#SochiProblems? More like a Sochi Disaster…

Before the Olympics began, we were already worried about the host city, Sochi, Russia. First, reports of the anti-gay laws led to concerns of Olympic interference. Would it affect guests of the games? Should gay athletes boycott? After that uproar quieted, rumors of terrorist threats leaked out and again the world worried about the fate of the Sochi Olympics. At this point, I thought it impossible to hear more bad news before the games began. However, a week before the opening ceremonies, Twitter blew up with photos and reports of living conditions in Sochi. Tweets featuring #SochiProblems were making their way around the world with photos depicting a city not prepared for thousands of tourists. Now, only two weeks later, @SochiProblems has nearly 350,000 followers on Twitter. Although the actual competitions have gone fairly well, these initial snafus might be more memorable than the medals won. It makes one wonder, “Was it a PR mistake to bring the Olympics to Sochi?

Major sports tournaments, like the World Cup and the Olympics, are an opportunity to bring international attention to a country. For each Olympics, countries bid for the opportunity to host the games. The battle for this honor is very competitive because many countries recognize how much money they can bring in with tourism during the games. However, for smaller and sometimes overlooked countries it is also an opportunity to say, “Hi guys! I do still exist.”

I believe this is the case for Sochi. As a typical American young woman, I don’t view Russia with warm and fuzzy feelings. Here’s what comes to mind when I think of Russia:

  1. Vodka: Did you know that “one in five men die from alcohol related causes”?
  2. Ice-cold, ass-freezing snow: It’s really cold there. Really really cold.
  3. The Cold War: I just imagine KGB spies with thick accents plotting against America.
  4. Speaking of Russian accents… They may not actually hate all Americans but their accents scare me so badly that I am convinced that they do.
  5. Great Russian Literature and Cinema: These beautiful stories like Anna Karenina and Doctor Zhivago paint a cruel world that lovers must overcome. The setting is usually really snowy and in the middle of a government crisis.

By bringing the Olympics to Sochi, I believe that the Russian government was aiming to bring out international excitement for its country. If the rest of the world is anything like me, then it’s going to be a big leap because I am genuinely afraid of Russia. However, the Russian government hasn’t just begun with the Olympics. They have been taking steps toward image recovery for quite some time and they are doing pretty well.

Russian President Putin is known for his attempts to bring Russia back into the international arena. His actions have definitely not been overlooked. With Syrian issues and the Edward Snowden crisis, Americans especially have noticed him flexing his political muscles. In fact, he was named Forbes #1 Most Powerful Person of 2013. He has made moves to claim power for his country, and as they rise to power he has also worked to create positive public relations for the country. Therefore, hosting the Winter Olympics was a major boost to his plan to launch Russia into success.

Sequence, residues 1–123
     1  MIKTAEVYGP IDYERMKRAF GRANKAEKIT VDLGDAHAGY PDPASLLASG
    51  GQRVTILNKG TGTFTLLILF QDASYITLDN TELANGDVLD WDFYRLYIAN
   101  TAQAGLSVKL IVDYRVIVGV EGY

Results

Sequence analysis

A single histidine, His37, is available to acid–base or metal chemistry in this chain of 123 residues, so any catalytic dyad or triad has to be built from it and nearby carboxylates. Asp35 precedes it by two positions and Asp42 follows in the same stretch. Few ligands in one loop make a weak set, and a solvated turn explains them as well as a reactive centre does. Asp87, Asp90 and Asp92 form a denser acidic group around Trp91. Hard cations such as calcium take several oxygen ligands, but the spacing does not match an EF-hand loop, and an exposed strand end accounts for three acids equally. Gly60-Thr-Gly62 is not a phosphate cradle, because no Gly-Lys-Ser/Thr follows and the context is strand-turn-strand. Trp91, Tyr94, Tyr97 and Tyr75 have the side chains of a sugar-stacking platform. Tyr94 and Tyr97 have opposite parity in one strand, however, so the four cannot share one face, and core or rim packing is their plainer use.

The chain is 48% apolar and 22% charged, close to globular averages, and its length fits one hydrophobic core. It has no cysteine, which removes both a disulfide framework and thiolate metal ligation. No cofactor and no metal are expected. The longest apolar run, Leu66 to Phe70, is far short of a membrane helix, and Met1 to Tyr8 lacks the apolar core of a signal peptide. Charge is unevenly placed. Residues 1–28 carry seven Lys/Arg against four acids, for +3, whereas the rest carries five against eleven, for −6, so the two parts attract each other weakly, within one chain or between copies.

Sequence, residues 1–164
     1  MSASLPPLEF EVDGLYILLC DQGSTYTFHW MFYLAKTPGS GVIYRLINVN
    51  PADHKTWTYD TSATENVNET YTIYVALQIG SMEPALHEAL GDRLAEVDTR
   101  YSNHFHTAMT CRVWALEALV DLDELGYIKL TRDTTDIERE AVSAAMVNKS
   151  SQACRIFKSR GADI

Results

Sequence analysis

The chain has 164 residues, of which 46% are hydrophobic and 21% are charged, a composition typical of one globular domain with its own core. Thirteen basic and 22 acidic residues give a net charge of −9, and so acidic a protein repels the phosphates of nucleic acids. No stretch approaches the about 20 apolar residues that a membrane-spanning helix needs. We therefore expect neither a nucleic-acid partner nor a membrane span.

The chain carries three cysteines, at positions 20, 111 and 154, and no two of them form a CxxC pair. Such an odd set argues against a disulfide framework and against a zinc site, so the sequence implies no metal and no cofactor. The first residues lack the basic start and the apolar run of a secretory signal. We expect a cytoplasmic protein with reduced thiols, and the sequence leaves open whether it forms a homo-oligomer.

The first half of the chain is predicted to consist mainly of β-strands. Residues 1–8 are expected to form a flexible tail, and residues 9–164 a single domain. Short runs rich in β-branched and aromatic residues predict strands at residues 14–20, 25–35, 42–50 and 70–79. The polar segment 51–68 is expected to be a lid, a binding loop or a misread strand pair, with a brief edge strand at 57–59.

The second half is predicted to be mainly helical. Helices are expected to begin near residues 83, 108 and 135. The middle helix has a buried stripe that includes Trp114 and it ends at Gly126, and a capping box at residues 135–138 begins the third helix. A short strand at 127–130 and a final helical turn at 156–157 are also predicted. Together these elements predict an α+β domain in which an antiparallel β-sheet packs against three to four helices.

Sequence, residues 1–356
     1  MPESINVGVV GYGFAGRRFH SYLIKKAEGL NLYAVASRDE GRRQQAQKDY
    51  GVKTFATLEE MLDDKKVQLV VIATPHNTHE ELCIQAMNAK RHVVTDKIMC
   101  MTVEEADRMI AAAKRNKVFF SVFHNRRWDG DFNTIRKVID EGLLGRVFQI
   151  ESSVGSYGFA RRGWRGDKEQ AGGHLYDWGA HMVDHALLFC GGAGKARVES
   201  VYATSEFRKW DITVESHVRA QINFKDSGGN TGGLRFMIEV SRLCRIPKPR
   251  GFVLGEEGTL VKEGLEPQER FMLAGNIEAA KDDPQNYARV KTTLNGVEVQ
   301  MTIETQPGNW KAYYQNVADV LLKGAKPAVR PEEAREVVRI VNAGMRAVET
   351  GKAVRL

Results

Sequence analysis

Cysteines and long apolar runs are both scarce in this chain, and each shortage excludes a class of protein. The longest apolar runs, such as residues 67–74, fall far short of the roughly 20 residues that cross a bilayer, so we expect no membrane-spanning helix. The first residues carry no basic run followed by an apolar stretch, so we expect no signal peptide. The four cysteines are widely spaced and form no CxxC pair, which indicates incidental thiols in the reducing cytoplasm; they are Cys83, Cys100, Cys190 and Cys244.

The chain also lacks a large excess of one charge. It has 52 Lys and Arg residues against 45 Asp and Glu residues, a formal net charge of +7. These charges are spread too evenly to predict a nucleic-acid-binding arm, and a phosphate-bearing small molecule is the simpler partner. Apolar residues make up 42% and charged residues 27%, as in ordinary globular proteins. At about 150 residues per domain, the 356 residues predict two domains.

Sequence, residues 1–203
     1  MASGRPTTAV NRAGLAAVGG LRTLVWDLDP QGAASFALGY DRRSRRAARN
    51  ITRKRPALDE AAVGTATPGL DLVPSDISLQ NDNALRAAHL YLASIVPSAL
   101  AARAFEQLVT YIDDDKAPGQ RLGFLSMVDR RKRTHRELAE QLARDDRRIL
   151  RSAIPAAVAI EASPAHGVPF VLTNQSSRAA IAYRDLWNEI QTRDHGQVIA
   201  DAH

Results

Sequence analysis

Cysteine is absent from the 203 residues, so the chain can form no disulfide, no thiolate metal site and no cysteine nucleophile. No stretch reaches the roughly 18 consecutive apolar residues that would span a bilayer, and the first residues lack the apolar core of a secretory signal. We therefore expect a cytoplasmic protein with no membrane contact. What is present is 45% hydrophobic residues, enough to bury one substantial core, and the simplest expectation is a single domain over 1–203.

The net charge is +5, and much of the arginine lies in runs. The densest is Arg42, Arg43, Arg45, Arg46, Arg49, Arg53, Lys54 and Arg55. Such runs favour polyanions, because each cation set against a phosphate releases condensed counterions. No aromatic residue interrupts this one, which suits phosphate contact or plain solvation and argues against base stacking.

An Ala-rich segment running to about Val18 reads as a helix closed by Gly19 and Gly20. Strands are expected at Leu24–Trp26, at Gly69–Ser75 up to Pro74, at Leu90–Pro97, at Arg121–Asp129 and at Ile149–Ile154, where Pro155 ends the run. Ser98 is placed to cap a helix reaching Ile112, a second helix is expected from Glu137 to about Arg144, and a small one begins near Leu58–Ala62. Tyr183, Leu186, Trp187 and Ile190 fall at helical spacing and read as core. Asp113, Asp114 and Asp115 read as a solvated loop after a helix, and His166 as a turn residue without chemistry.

After winning the bid, the Russian government took to preparing Sochi for the mass influx of people. The estimated $50 billion spent makes this the most expensive Olympic games in history. Sochi went from a nearly third world country to an Olympic destination.

sochi before and after 2

This is a before and after photo of Sochi,
taken from Business Insider.

In the process millions were spent, but the final product was far from what was expected by Western reporters. Weeks before the games, as journalists began arriving, the world got a taste of what to expect at the games. Pictures of yellowed tap water and incomplete portions of construction in hotels covered social media.


These photos were endless and unbelievable to Americans, who expect better of some of our lowest quality hotels. It immediately shattered any illusion of the up-and-coming world power that Russia claims to be. The hashtag, #SochiProblems, became so popular that it was all that we were seeing of the country. This great public relations opportunity had proven to be possibly the biggest waste of $50 billion in the world.

In response to our tweets, there was talk of #SochiProblems pointing out a bigger problem in the west. Some Russians say that western delight in the issues facing Russia was unacceptable and insensitive. They said that this “malicious glee” poked fun of the daily lifestyle of many Russians.

Regardless if it seemed like it’s just westerners making cruel jokes, #SochiProblems has highlighted the real problems in Russia. It emphasized how disturbing and chaotic the building process was. One article explained that many of the problems came from poor working conditions. Many Russians would work and when they didn’t receive a paycheck they would understandably desert the project. However, new unemployed workers were just waiting to take their place. With a constant shift of untrained workers, many of the projects were poorly directed and the final product was incomplete.